- a selection of cold cuts
- a selection of cheese
- fruit juice(s) and milk
Sometimes there are chafing dishes with scrambled eggs and fried bacon. Often there is a dish with boiled eggs.
In other hotels you'll find most of the above set out on your breakfast table.
The so-called Continental breakfast (French bread and jam, a croissant and coffee) is never served in Dutch hotels.
Breakfast is ONTBIJT in Dutch
Photo: breakfast table in hotel Watermolle in Haaksbergen. Only the bread is still missing.
Updated Apr 4, 2011
We Dutch have lots of cheese. To make a very overall distinction you look for 2 things first:
1 - age
2 - pasteurised milk (which is mostly the case, thus never mentioned) or raw milk (boerenkaas).
All those huge yellow wheels of cheese are all different:
Old, crumbly, dry salty cheese, or soft, creamy young cheese.
Pasteurised or raw milk, they all have the same age distinctions:
- jong (young)
- jong belegen (young matured)
- belegen (matured)
- extra belegen (extra matured)
- oud (old)
- brokkel (extra old and crumbly)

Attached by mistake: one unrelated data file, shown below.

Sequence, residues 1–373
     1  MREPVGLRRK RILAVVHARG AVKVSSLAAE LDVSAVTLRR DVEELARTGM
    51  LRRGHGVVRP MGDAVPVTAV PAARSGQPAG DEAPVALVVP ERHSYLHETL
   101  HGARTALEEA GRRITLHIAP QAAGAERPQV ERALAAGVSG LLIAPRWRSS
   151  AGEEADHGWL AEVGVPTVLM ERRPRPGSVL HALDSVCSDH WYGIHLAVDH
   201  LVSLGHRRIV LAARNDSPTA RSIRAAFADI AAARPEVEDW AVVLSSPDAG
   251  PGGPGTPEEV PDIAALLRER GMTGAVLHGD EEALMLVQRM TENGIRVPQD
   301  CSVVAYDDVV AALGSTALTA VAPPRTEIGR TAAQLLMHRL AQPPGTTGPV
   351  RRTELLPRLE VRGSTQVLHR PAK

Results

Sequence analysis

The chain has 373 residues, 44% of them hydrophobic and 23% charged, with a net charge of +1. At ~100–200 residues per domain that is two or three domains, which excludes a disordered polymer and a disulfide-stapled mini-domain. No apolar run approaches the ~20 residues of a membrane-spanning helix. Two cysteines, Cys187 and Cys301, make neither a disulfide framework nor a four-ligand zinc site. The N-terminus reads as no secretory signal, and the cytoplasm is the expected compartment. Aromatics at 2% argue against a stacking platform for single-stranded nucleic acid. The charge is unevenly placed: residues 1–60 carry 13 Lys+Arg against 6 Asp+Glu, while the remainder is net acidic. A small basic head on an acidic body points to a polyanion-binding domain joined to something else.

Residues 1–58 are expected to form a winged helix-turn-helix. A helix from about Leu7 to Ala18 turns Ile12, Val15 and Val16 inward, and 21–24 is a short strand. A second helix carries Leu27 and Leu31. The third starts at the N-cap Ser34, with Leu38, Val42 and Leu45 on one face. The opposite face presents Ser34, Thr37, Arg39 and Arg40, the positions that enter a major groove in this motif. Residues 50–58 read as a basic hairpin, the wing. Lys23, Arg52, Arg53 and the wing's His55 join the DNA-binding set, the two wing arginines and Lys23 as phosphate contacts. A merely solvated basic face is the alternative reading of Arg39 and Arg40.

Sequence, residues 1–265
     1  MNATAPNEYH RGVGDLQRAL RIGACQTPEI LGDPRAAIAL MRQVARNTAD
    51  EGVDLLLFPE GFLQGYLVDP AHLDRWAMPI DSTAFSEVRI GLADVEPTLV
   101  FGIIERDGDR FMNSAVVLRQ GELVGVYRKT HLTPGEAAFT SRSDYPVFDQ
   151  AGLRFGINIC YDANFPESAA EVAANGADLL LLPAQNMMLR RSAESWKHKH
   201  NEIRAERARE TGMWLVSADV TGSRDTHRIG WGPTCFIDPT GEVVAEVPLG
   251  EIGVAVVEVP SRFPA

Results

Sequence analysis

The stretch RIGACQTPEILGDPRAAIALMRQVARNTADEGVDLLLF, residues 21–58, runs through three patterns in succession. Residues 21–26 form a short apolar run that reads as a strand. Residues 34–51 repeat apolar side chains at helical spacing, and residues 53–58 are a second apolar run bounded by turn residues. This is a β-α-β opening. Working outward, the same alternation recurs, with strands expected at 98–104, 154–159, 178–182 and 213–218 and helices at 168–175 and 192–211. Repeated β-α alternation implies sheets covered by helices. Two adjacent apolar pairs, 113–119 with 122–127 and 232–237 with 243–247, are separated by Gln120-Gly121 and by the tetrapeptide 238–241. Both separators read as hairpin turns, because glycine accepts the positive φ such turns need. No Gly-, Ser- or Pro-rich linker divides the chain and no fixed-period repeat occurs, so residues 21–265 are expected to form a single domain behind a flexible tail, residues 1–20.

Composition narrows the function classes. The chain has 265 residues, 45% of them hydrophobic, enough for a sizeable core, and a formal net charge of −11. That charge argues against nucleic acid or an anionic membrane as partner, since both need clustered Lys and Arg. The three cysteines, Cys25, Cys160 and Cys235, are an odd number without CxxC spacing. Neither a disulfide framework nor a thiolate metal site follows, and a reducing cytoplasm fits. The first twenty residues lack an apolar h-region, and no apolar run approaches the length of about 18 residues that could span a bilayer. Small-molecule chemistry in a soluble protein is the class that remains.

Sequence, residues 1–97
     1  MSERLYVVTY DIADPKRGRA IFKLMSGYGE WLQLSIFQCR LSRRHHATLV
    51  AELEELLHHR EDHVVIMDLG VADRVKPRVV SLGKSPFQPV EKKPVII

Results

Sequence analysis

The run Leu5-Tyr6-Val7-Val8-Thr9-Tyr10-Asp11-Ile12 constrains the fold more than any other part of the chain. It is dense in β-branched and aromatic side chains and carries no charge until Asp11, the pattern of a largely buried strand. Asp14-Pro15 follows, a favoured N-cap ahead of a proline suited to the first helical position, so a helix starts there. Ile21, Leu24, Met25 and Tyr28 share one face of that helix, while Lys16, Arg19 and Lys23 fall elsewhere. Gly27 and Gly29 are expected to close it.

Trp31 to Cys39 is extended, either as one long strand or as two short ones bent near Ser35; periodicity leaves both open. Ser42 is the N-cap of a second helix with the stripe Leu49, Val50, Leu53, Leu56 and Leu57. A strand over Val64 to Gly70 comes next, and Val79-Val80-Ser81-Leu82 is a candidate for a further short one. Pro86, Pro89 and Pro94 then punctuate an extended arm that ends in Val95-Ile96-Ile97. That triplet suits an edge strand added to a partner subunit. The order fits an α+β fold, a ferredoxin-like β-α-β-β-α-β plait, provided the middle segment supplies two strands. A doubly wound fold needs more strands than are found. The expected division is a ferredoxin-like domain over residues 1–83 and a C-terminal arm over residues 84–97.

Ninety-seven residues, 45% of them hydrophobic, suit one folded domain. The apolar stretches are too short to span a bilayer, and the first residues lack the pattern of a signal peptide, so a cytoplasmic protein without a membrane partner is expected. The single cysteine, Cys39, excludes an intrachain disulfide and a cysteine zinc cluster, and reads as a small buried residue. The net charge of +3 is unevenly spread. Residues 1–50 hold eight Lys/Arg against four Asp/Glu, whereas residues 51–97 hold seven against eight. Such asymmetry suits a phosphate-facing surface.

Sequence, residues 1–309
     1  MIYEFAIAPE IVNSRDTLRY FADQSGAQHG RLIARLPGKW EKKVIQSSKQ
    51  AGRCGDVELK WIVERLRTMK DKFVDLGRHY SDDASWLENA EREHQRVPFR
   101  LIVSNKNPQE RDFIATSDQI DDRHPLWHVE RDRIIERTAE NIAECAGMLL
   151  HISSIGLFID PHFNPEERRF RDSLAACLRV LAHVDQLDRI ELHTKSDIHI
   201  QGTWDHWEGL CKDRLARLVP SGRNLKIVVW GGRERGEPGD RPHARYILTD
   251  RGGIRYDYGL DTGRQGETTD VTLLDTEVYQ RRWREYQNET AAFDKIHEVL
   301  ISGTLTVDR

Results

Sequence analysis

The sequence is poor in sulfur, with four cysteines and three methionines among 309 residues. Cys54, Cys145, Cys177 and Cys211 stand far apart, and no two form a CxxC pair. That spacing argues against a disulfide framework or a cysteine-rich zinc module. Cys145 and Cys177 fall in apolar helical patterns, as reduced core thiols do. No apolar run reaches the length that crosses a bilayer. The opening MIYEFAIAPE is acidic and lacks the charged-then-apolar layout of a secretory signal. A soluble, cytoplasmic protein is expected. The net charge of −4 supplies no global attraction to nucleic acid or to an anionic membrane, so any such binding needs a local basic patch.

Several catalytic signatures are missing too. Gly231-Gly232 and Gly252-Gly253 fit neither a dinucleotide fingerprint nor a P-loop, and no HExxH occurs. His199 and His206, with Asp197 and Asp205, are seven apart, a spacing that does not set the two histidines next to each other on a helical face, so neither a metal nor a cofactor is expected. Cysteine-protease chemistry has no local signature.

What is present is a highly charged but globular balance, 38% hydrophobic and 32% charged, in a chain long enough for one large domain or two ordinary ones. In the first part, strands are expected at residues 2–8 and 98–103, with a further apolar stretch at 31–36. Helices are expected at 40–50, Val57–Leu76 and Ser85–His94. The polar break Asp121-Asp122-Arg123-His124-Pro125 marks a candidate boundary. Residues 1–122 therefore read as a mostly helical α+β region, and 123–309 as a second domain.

Friese Nagelkaas (with cloves), Komijnekaas (cumin), Graskaas (made from milk when the first grass grows in spring), Boerenkaas (raw milk) and many more varieties.
Don't be fooled by those small Gouda cheeses. They are for tourists. In fact, there is no cheese made in Gouda anymore.
Another Dutch cheese from Limburg (= province), comparable to the French pavé is a cube, about 7 cm. all sides, packed in a foil covering. It is hugely strong, smelly even.
Goat's cheese in general is my favourite.
Cheese from Ankeveen (Ankevener geitenkaas) is the most well known Dutch goats cheese.
There are also blue goat's cheeses available.
Most cheese is made in factories and there are different "brands". But cheese is still made on farms too.
Photo left to right:
cheese with cumin, cheese with cloves, old cheese, young cheese
Updated Apr 4, 2011